- Rivett, Norman C
- History - general, Ship histories and stories, Garden Island
- RAN Ships
- None noted.
- June 1999 edition of the Naval Historical Review (all rights reserved)
In keeping with other historic buildings on Garden Island “The Barracks Building” has been fortunate never to have been officially named. Names tend to relate to periods and thus have fluctuating favour; by simply being universally referred to by its original function the building has remained timeless.
The Barracks Building stands much as the New South Wales Colonial Architect James Barnet’s 1886 plans depicted it, as a typical example of British Colonial architecture, and no doubt there are others throughout the former Empire. Tenders were called for the construction of the Barracks and its associated detached kitchen and wash house, on the 30th November 1886 and the contract for carrying out the work was awarded to G. Langley on the 7th January 1887. Building commenced on the 10th January 1887 with the objective of completing construction by April 1988.
Progress was initially good and a report dated 10th October 1887 stated that all brickwork was completed and the rafters positioned. There was however, a total lack of progress on all construction work for the new Naval Depot between progress reports dated 19th July 1887 and 10th October 1887 due perhaps to a shortage of funds and undoubtedly to the change of Colonial Government on the 20th January 1887. The completion date was therefore much nearer the end of 1888 than the projected date.
The Naval Depot was constructed during a period of unstable government in the Colony of New South Wales as indeed there had been during the thirty years since the granting of Responsible Government in 1856. As an example of the problem for the naval authorities, there were changes of Government on the 26th February 1886, 20th January 1887, 17th January 1889, 8th March 1889 and 23rd October 1891.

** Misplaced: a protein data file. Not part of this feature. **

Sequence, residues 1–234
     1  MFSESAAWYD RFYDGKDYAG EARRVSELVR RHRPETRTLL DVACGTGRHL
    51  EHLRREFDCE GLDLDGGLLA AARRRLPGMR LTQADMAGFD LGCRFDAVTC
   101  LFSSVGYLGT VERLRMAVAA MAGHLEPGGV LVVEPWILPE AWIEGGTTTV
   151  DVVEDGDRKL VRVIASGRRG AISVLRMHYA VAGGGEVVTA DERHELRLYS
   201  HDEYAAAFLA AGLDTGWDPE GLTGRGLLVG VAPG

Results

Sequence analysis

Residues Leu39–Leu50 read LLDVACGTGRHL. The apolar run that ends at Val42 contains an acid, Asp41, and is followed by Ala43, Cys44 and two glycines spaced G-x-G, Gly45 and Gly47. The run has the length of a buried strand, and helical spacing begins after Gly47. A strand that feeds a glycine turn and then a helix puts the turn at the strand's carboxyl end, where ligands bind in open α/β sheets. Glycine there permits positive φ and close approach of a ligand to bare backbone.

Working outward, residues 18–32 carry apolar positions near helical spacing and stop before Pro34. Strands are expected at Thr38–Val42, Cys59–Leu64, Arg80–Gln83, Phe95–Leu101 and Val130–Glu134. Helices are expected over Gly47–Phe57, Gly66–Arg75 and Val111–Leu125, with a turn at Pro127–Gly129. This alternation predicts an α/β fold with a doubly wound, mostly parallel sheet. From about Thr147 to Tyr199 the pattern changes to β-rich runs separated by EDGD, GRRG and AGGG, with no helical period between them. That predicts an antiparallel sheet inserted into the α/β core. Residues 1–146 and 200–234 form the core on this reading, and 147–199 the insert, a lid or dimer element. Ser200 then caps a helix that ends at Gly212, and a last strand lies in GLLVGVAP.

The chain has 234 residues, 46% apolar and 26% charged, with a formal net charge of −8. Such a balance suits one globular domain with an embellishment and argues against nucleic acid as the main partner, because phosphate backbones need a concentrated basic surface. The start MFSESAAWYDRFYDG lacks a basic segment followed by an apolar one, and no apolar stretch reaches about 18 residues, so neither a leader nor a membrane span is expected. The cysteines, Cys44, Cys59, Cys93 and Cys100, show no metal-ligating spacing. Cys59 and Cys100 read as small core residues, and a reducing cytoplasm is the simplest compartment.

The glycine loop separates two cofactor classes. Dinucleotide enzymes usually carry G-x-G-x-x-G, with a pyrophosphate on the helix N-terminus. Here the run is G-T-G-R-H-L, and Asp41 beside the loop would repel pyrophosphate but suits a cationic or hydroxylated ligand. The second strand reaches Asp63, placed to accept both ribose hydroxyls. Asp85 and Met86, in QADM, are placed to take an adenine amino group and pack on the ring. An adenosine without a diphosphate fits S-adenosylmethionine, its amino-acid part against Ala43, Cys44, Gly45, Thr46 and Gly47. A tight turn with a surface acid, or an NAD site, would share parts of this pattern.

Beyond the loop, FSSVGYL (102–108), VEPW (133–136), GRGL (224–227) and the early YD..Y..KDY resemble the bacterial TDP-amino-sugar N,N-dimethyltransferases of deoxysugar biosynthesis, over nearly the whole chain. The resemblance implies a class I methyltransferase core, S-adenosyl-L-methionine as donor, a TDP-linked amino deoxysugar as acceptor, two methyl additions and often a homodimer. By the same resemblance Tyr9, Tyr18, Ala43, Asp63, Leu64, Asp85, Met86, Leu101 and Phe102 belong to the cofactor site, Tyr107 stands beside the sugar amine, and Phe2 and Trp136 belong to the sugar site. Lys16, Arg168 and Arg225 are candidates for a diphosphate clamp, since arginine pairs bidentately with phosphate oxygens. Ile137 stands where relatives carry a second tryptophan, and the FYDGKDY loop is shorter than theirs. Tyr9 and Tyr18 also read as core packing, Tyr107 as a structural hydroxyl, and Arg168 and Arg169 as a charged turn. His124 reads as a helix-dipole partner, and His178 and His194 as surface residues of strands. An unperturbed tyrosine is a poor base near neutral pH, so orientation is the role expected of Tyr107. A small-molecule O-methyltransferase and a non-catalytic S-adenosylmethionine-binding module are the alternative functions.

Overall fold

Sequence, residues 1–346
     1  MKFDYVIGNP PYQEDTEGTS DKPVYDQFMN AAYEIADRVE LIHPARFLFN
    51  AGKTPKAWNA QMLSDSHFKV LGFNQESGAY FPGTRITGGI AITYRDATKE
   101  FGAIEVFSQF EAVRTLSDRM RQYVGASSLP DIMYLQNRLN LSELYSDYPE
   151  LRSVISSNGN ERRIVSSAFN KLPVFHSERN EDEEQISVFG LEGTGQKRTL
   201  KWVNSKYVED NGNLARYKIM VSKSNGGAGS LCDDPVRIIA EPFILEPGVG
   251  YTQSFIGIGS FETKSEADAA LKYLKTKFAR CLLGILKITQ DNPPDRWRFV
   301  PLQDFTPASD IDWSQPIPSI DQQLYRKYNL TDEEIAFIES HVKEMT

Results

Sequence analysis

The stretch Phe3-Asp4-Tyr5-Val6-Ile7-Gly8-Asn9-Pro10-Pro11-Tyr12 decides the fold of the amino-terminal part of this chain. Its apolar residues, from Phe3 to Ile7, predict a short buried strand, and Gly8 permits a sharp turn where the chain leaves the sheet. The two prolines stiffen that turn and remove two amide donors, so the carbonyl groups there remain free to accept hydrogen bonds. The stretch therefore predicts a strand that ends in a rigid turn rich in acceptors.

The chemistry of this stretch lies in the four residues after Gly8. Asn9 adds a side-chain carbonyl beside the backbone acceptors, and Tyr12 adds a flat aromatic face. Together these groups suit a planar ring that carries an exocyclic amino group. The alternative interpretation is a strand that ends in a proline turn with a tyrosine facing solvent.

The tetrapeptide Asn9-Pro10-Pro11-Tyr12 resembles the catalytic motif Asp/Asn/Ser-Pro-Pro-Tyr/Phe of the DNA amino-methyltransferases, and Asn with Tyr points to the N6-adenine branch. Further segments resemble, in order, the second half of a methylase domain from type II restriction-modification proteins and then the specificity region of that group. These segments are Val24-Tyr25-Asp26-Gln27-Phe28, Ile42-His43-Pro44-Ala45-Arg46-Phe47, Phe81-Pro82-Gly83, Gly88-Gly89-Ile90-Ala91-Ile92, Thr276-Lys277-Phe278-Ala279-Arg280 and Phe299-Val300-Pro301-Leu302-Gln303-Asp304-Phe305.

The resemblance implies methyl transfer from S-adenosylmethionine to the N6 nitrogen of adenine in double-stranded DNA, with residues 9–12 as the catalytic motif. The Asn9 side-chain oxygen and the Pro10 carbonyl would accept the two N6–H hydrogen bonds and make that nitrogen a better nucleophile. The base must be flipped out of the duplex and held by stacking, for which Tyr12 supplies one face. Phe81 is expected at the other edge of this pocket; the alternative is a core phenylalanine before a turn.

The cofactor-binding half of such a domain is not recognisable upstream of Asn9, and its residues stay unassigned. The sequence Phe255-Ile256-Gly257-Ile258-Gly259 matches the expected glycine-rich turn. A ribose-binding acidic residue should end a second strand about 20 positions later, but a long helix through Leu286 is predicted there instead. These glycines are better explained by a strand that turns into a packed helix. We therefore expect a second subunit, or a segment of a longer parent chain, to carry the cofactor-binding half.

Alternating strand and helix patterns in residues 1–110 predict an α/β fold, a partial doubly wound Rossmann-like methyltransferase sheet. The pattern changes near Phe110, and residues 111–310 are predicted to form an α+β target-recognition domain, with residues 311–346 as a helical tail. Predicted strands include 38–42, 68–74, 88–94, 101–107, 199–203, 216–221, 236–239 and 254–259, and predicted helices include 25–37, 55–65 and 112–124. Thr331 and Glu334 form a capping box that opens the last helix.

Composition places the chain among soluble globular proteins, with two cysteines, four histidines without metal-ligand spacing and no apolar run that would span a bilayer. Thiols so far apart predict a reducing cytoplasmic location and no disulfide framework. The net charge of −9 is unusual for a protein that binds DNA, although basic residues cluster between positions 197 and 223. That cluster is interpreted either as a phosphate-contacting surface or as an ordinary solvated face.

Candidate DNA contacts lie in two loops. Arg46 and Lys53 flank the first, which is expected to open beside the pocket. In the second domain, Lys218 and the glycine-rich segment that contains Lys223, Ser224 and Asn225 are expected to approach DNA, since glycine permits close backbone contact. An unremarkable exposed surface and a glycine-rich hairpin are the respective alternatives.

This situation, coupled with the periodic changes in command of the Australia Station and the frequent absence from Sydney of the Officer in Command of the vast Station, the wonder is that the Naval Depot was ever built.
The walls are of rendered brick with footings of mass concrete whilst the simple hipped roof is slate. The original drawings show the three level building with Tuscan columned verandahs along the front, or west side, only; but the verandah and columns now extend along the northern and southern sides. This arrangement is clearly visible on an 1892 photograph, so it is probable that this addition was made at the time of building, perhaps in response to criticism by Senior Officers of the period concerned about the westerly aspect of the Barracks, and the probable adverse effect of the afternoon sun. This consideration does not appear to have ever presented a problem and it is a most pleasant building in which to work.
The extension of the verandah has allowed a flight of stairs to be constructed at the northern end giving external access to the first and second floors without spoiling the symmetry of the building. Whether these stairs were added at the time of the verandah extension is not known. The windows are adequate to give good natural light and are arranged symmetrically front and rear, as are the windows in the northern and southern walls.
Internally the ground floor and first floor are duplicates consisting of a barracks room on either side of a central stair passage which provides access to each room. There are six stout columns in each room arranged not just to support the floor above but also to support hammock bars. These bars were supported between two collars on the columns and brackets attached to the walls. Hammocks were slung between the bars in the same manner as aboard ship. An open fireplace was located on the centre-line of the outer end wall in each room on all three floors served by a common flue at each end of the building.